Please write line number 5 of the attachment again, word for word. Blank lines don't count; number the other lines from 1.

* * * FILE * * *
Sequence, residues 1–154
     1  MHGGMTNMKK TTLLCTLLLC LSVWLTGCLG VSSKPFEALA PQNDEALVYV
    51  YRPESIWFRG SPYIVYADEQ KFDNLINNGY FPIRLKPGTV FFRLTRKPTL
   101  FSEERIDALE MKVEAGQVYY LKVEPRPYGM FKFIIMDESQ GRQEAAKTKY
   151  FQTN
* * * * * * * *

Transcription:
   151  FQTN